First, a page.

The sharp increase in refrigeration needs should be better reflected in public policies
Recently released degree-day indicators confirm the steady progression of cooling needs compared to heating in the EU. Globally, energy consumption from refrigeration (including air conditioning) is expected to exceed that from heating by around 2060.
On May 31, 2022, Eurostat, the statistical office of the European Union, published new data on cooling degree days (CDDs) and heating degree days (HDDs) illustrating respectively the evolution of cooling* and heating needs of buildings as a function of outdoor temperatures in the European Union.
The calculation of CDDs relies on the base temperature, which is defined as the highest mean daily air temperature that does not result in indoor cooling. The value of the base temperature depends in principle on several factors associated with the building and the surrounding environment. Using a general climatological approach, the base temperature is set at a constant value of 21°C in the CDD calculation. Only the days when the daily mean air temperature is equal to or above 24°C are considered for this calculation. These calculations are executed on a daily basis, added up to a calendar month and subsequently to calendar years.
Eurostat underlines how the need to cool a given building has increased over time, with average cooling degree days (CDD) values being almost three times higher in 2021 (100) than in 1979 (37). The result in the EU is an average increase of 170% in the theoretical air conditioning needs of buildings in 42 years (see the evolution of CDD in the table below).
CDD values vary between EU countries. In the last observed year (2021), the countries with the highest values were Malta (793), Cyprus (732) and Greece (421).
In contrast, heating degree days (HDD) values decreased by 11% between 1979 and 2021 in the EU, resulting in heating needs equivalent in 2021 to 89% of the 1979 needs.
Eurostat points out that indicators such as HDD and CDD can help monitor the changes in energy demand for cooling and heating of buildings in the context of climate change.
These indicators clearly show a sharp increase in cooling needs. Thus, according to the EU, by 2030 the energy used to cool buildings across Europe is likely to increase by 72%, while the energy used for heating buildings will fall by 30%. (2)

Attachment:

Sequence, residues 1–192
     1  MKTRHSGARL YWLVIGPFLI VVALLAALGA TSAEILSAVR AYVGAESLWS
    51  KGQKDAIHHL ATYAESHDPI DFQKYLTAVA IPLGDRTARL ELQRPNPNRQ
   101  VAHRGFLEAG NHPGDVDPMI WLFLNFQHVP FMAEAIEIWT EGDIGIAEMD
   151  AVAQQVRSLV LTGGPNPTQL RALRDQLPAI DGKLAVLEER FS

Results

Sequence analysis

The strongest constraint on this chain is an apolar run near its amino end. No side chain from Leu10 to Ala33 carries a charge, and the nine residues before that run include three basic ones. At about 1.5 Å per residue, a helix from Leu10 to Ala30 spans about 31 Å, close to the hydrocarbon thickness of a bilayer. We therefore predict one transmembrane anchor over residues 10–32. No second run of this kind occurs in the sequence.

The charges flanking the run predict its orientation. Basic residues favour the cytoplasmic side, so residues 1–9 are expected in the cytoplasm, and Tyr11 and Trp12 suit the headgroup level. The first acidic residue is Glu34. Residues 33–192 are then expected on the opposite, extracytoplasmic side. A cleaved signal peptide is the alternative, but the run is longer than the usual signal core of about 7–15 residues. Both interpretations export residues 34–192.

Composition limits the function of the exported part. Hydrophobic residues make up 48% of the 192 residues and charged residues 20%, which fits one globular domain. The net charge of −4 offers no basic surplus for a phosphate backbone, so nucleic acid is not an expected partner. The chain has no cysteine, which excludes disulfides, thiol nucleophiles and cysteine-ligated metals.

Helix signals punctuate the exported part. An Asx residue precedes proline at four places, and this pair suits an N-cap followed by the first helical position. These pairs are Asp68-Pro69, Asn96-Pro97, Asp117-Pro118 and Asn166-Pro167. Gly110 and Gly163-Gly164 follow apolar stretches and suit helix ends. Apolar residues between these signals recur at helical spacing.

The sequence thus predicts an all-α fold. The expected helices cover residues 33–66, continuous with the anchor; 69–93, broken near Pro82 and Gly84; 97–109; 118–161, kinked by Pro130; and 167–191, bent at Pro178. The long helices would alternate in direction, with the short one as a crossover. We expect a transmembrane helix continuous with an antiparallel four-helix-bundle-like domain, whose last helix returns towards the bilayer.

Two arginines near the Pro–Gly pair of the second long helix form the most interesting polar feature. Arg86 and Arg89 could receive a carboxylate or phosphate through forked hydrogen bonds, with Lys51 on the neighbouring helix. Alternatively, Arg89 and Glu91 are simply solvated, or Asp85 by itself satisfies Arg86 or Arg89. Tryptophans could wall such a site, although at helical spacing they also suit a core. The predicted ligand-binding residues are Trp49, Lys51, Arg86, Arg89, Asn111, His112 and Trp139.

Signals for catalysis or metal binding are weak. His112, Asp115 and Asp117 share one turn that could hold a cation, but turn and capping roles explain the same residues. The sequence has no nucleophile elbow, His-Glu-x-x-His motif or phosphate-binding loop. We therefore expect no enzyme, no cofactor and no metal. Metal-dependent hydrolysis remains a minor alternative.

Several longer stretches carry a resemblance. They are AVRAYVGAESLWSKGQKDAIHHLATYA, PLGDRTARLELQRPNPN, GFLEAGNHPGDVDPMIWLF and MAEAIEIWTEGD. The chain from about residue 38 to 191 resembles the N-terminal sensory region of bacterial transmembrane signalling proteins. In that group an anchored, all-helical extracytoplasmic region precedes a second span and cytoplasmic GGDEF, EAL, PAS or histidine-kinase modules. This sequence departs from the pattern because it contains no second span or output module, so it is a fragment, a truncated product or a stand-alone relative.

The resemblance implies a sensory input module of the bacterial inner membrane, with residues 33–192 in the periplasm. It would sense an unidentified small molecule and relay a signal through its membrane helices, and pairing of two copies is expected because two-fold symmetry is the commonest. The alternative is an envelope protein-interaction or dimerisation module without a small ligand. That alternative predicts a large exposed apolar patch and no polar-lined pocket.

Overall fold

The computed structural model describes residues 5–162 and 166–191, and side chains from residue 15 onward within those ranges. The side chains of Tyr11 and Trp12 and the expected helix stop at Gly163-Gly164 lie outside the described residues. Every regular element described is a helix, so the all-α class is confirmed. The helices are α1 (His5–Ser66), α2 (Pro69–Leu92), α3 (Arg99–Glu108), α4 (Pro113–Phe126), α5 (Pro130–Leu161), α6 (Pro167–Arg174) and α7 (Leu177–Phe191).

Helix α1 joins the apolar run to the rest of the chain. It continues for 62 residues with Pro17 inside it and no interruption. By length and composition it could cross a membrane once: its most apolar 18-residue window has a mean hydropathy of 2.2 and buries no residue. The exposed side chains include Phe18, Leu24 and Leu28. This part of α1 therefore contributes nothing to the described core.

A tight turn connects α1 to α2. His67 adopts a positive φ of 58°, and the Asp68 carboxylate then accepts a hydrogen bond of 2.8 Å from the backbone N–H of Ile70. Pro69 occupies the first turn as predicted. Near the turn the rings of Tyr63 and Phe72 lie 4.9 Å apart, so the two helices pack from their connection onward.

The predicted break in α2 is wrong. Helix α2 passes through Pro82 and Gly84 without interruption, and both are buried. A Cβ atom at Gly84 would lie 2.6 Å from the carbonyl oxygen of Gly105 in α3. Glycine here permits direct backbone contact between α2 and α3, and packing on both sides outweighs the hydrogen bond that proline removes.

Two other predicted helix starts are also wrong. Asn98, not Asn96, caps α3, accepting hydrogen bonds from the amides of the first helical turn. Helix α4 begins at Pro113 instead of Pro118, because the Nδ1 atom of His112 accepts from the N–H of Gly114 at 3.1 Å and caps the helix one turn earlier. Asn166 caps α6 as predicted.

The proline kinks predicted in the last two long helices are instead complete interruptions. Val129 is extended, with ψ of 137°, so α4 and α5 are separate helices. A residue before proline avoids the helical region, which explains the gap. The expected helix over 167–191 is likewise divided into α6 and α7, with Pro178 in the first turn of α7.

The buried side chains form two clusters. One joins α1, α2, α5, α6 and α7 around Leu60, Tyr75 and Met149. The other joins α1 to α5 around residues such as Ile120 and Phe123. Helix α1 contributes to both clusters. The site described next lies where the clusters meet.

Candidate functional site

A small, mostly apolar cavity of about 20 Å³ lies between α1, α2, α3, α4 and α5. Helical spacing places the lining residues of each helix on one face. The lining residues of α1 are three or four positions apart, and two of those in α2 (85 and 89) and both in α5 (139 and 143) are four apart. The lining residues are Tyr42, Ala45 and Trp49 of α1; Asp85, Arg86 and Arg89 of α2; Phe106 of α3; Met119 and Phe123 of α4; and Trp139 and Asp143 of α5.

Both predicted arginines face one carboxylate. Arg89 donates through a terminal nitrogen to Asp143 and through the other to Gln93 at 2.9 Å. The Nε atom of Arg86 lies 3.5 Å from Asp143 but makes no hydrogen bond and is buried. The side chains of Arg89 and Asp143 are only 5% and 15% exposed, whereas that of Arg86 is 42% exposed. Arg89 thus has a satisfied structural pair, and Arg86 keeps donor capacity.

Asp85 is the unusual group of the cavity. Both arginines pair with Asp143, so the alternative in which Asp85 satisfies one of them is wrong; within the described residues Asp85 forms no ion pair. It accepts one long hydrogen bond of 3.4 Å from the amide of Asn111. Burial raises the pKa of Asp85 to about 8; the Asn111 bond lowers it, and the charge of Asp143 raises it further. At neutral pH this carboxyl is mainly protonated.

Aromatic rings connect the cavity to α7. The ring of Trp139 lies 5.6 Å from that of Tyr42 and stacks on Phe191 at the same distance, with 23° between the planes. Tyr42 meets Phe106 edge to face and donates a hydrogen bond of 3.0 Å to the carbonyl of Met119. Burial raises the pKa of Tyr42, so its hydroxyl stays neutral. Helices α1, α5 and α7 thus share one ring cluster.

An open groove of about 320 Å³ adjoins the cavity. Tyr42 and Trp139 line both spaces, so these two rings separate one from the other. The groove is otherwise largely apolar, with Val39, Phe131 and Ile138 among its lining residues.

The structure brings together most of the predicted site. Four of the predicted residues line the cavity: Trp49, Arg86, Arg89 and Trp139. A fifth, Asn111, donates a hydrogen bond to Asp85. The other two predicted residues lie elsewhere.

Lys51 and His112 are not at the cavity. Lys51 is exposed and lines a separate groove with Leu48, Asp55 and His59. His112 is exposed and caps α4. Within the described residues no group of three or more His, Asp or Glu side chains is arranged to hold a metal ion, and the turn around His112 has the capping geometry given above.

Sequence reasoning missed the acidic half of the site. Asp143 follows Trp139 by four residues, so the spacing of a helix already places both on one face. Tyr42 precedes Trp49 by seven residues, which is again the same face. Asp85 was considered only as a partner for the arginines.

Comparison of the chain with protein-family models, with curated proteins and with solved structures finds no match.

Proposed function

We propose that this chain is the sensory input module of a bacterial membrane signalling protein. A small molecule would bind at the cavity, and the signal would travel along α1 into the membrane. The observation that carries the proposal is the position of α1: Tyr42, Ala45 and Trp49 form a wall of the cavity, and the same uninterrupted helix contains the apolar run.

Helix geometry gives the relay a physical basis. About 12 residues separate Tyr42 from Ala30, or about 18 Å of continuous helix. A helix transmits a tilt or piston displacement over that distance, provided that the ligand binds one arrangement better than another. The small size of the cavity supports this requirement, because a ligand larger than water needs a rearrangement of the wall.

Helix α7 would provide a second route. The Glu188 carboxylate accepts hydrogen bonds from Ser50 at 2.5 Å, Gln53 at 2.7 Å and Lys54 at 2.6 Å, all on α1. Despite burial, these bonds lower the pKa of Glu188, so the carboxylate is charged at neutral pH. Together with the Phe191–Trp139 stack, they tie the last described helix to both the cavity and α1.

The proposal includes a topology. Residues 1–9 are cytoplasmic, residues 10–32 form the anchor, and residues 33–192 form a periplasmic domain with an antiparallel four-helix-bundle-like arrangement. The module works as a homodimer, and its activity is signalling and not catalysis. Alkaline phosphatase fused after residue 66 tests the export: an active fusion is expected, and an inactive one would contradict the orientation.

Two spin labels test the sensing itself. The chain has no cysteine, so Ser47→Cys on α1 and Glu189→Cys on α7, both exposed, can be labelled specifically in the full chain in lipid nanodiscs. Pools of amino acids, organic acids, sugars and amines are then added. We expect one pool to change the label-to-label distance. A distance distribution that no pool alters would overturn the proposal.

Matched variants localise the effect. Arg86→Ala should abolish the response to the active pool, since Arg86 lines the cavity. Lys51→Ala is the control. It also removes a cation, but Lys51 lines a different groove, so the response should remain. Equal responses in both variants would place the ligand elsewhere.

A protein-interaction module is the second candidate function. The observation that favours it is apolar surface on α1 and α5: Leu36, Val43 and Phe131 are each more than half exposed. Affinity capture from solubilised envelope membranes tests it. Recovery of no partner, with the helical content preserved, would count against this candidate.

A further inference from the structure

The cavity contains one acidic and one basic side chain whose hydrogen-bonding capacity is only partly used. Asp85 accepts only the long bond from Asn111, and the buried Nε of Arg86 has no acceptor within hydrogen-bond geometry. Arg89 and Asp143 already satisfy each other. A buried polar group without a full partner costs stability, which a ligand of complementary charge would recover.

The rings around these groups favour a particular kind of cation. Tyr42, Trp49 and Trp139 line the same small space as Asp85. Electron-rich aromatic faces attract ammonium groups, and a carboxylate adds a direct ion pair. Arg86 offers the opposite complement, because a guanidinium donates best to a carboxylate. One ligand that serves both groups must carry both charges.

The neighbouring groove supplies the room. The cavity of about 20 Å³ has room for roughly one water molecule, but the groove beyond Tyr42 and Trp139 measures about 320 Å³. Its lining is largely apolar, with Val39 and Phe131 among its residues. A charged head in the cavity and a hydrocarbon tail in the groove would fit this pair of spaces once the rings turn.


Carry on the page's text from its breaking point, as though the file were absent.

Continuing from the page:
Globally, according to the IEA (3), space cooling needs in the buildings sector required only 15% of the energy used for heating in 2019. However, cooling degree days are expected to increase by 50% by 2050 up to 70% by 2070, depending on the region and climate change impact on temperature rise. Consequently, cooling demand is expected to grow at more than 3% per year over the next three decades, eight times faster than heating demand over the past 30 years.
Other projections suggest that by 2060, the amount of energy used worldwide for cooling will overtake that used for heating. (4)
However, this growing importance of refrigeration* (including air conditioning) and related technologies is probably not yet fully accounted for in the European Union’s strategy towards the objective of a carbon-neutral energy system by 2050. Thus, the roadmap on policy support for heating and cooling decarbonisation just published by the European Commission on June 13, 2022, focuses mainly on heating. (5)
* The term "cooling", used in the sources cited and taken up in this article, refers to the cooling of spaces and is equivalent to "air conditioning". The definitions of “cooling” and “refrigeration”, endorsed by the IIR and ASHRAE, are specified here.
(5) Policy support for heating and cooling decarbonisation Roadmap : https://op.europa.eu/en/publication-detail/-/publication/f5118ffc-eabd-11ec-a534-01aa75ed71a1/language-en